During the events, did your dream change?
My dream here has changed, from dreaming of being an electronics dealer to being a photographer or a journalist. I mean, I want revenge from the system. After what has happened to my family and sisters, I want revenge, but how can I get it? I will never use a weapon, I told you I would never hurt an ant, so my weapon is my camera. Now my dream is getting bigger and bigger, I’m holding a camera, which is a hobby and a reality transfer, but due to the circumstances I couldn’t study it. During the day, I worked in publishing, during the night I had another job, all I thought about was how to get money, to buy food, although in our country the situation was very comfortable, we had shops, companies and many lands, but in the war everything was destroyed and I ended up having nothing so I started working in factories in order to provide for my family.

Okay, we are almost done. Well, if we say that, I mean, if you can describe it. I mean, the points where you were strong before the revolution or advantages for you as a person. I know we have talked about it a little bit, but can you explain it a little more?
I didn’t understand your question.

Well, I mean, your strengths, I mean, for example, you can say that you were very successful in your job..
When I started working in the field of electronics or computer maintenance. I used to work in a basement, underground, so the closest people to me, like my cousins or my friends, they told me who’d be this stupid to come and fix their electronics here in such place? For nine months, I didn’t have any customers, when I felt like that is not going to work, I started in the media field, at that time we didn’t even have social media yet, we would print papers and distribute them around mosques, churches and gatherings, in that time I worked for two hundred dollars, two hundred dollars which is equal to a four or five months’ salary there, I knew that I was going to spend money, but I would get some in return. So I knew that I wanted to change into the media field, and that’s how I started, I was distributing my work, I didn’t give up. I mean for the first nine months, or the first year, it wasn’t well, then God helped me, and the lane I was working was full of furniture shops, and carpenters, there was a lot of movement in that lane, but in exchange, the only people who would come there were people looking to buy furniture, so for a whole year I didn’t make any money, but later on, I got stronger I opened a larger shop and then I opened my own company that sold everything related to computers and computer maintenance. My goal was to own a large company to import goods from China, and I worked on this point, firstly I made commercial record, and one of the things that made be stand against the system was that I filled out some paperwork to become a tradesman, in our country you need a security approval to work in anything, you need to submit your file to Palestine’s branch, or the Air Force Intelligence branch or any branch to study your file. After I paid a lot of money to get an approval for my project, I got rejected, they didn’t want anyone to work, they didn’t want anyone to import goods, they wanted everyone to be below the poverty line. I paid seventy-five thousand Syrian pounds at that time, it was a big number at that time, fifty pounds were equal to one USD, so it was a big number at that time, my shop started making money in 2011, then the revolution started and I lost everything.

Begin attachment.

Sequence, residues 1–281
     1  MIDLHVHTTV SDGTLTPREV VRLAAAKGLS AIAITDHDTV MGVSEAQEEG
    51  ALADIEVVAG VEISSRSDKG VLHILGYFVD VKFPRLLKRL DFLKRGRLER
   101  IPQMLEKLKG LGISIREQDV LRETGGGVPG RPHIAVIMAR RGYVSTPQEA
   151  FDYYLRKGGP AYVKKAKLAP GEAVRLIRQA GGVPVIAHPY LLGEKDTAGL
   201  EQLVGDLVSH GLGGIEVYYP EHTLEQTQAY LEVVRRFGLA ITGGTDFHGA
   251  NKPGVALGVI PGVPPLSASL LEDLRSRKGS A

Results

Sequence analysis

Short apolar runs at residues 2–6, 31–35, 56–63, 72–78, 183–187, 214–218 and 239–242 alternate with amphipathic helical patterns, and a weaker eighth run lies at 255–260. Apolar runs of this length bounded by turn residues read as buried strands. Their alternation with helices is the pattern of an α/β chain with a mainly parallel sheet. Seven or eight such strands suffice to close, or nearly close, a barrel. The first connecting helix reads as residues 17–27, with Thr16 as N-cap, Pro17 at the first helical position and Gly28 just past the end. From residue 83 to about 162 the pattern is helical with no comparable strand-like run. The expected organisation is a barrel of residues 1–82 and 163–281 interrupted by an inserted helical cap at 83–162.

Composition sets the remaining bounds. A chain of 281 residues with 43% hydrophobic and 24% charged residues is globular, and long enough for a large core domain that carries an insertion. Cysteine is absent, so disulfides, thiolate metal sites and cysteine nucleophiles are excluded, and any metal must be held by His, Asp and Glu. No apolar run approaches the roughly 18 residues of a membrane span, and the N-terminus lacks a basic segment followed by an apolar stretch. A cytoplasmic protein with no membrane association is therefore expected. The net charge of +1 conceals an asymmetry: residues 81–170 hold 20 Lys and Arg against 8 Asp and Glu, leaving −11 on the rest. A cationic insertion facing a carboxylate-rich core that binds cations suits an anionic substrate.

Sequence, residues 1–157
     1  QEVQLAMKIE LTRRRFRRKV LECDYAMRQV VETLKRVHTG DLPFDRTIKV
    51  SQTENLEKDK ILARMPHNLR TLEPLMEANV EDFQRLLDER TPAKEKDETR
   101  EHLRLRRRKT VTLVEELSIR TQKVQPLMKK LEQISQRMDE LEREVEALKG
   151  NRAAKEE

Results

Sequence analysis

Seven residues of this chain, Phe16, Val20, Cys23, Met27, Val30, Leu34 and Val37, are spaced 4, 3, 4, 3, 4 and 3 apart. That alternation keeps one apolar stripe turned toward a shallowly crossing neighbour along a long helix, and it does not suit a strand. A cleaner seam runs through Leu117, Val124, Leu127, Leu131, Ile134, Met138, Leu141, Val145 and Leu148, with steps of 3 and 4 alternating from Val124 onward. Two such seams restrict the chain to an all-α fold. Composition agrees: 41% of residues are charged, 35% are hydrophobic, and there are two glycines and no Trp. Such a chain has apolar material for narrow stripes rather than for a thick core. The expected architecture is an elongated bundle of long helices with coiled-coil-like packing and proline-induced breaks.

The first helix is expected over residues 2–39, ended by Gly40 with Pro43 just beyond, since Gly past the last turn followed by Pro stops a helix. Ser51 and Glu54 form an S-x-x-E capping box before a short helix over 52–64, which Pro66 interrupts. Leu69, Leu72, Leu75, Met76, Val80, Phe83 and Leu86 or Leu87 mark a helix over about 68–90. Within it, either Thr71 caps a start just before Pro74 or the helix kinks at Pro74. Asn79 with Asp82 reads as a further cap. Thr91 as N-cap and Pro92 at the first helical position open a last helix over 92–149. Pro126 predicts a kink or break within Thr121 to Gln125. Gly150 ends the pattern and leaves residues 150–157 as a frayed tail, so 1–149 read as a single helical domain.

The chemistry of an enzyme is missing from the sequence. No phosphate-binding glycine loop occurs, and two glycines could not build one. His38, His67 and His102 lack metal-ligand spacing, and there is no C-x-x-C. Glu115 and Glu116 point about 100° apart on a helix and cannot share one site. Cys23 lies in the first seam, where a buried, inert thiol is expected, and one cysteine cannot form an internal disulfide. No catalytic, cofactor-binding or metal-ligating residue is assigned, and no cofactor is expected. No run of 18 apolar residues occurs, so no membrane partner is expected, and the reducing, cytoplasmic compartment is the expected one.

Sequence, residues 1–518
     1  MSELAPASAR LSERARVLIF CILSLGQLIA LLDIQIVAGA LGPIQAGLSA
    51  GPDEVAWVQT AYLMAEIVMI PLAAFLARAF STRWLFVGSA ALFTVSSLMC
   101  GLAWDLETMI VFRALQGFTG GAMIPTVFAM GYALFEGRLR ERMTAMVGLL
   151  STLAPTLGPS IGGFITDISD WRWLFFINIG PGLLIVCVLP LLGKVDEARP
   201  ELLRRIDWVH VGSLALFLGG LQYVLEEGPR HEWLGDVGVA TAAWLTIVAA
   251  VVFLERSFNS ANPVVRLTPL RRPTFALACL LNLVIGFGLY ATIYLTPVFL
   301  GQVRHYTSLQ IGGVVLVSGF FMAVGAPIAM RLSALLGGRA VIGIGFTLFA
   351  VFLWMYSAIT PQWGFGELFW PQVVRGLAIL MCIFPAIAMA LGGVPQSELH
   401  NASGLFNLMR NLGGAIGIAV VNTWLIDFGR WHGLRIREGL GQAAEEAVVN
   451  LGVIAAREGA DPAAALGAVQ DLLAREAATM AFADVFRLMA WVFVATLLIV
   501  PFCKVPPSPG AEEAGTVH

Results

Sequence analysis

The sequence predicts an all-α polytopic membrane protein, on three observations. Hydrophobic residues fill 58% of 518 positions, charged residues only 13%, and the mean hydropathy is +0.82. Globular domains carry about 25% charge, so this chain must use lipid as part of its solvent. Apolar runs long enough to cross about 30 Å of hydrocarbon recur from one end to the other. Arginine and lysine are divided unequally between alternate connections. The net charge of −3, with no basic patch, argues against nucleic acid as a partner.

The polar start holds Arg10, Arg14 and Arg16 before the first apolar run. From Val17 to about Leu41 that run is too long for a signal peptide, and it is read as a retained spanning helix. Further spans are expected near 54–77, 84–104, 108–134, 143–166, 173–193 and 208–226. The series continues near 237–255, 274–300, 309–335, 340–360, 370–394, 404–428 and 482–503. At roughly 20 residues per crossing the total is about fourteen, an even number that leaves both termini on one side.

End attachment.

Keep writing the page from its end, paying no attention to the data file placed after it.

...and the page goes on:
During the experience in which we were talking, do you feel like you have matured or do you feel like there is something that is different about you now?
I’m becoming different every day.

You mean in a positive way?
Yes, I mean, I’m not going to say that my language is perfect, but now I am able to deal with people, language is the most important thing, I started making friends and I started to work.